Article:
2.      You’ll find the best kebabs ever!

Kreuzberg is far from picture pretty and perfect but it´s really cool! Thanks to its large Turkish community living in the area, when you visit the district you will find an endless list of local Turkish bars where you can taste authentic and spicy kebabs. Top tip: Pop in at Imren Grill (Boppstr 10, Berlin) and try their tasty and juicy meat! Did you know that the Donner Kebab was actually invented here? The inventor was a Turkish expat called Kadir Nurman who has just died last October in Berlin.

3.      It’s full of exotic markets

There are lots of colourful markets surrounding the district. Visiting the Turkish market in Maybachufer (note that the market closes on Mondays) means literally transporting yourself to the beautiful Mediterranean country. Here you’ll find exotic textiles, different kind of hummus and lots and lots of people searching for the best products at the best price. Top tip: Try the Turkish pizza; it is out of this world!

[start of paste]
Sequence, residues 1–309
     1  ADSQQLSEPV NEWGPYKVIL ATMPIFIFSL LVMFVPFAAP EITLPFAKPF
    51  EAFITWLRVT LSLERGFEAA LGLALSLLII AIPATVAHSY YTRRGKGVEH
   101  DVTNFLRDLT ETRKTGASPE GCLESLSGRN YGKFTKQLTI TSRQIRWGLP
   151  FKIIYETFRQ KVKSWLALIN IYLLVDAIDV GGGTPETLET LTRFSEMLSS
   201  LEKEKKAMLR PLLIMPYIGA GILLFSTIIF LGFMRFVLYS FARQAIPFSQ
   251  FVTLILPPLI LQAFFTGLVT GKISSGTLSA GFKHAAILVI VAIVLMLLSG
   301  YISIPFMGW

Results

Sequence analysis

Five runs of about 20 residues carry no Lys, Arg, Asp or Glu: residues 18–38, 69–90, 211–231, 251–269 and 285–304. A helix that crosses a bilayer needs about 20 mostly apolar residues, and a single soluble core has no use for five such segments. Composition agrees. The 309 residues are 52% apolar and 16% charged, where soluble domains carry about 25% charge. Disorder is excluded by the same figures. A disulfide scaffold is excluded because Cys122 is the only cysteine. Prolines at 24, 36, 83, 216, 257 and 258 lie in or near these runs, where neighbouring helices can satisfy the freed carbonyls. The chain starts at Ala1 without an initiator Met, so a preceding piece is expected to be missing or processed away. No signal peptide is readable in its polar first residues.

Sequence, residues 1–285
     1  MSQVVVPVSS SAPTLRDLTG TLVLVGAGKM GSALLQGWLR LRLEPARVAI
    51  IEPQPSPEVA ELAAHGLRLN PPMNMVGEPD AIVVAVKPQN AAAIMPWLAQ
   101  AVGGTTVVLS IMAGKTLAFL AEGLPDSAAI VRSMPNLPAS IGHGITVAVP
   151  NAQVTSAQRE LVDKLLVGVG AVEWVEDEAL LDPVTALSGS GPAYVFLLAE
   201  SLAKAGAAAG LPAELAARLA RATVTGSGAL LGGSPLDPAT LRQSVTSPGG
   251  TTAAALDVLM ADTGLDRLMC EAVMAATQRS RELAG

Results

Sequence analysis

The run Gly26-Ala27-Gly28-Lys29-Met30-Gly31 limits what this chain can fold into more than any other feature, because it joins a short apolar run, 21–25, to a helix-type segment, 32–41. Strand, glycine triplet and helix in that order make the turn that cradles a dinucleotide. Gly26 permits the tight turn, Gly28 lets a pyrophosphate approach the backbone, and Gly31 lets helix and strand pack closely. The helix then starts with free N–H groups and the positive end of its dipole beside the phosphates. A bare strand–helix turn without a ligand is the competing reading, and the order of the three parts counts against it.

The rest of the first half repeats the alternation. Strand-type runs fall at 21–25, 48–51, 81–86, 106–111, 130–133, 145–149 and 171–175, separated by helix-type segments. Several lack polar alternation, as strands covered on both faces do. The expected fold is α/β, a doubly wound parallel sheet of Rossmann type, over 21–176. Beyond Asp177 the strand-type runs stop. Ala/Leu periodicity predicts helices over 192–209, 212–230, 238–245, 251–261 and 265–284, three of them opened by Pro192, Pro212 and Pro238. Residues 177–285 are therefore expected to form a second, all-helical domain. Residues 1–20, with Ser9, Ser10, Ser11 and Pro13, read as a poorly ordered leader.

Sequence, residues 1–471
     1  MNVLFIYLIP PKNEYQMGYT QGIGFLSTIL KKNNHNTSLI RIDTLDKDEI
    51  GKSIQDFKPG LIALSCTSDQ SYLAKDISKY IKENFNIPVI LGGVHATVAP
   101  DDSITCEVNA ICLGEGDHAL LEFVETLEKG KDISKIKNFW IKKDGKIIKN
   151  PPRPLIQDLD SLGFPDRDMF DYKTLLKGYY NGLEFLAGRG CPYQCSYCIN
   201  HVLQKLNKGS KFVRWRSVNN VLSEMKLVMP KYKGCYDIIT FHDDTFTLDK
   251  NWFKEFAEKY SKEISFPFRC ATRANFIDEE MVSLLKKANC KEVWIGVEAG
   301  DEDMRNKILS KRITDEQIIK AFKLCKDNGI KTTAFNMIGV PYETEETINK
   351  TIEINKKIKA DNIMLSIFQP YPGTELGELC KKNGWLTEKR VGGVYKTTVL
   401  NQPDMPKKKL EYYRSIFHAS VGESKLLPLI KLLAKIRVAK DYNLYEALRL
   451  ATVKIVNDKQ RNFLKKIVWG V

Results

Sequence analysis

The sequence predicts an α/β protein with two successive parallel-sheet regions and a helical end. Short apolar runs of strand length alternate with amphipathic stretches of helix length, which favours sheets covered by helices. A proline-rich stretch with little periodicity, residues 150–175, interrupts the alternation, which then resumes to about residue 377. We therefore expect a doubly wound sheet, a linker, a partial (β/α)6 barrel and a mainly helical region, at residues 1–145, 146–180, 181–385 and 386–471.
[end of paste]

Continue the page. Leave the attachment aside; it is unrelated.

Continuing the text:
4.      You’ll find an alternative culture

It is the home to Berlin’s punk rock movement, as well as other alternative subcultures. From graffiti covered lanes to random museums and galleries like The Berlinische Galerie, which contains Berlin art dating from 1870. But it’s not all about underground art. The Kreuzberg district is also the Mecca for fashionistas! Here arrive all the up-and- coming designers, so if you fancy unique accessories, don’ t hesitate to visit High-Lite (Bergmannstraße 99, Berlin) -We could say it´s a bit like any Shoreditch store in London.

5.      Best nightlife atmosphere in the city

Who said that in Germany it’s not possible to go out until 6.00 am? In Kreuzberg the nightlife starts late and seems to end early in the morning! Most of bars here have that bohemian charm that will encourage you to stay for hours. Don’t miss out clubs such as Lido (Cuvrystraße 7, Berlin) which is in an old cinema from the fifties and runs parties on the weekend, or Monarch Club (Skalitzer Straße 134, Berlin) based in a building that offers amazing views and the best electronic music. If you are a young clubbing addicted adult, you can’t miss it!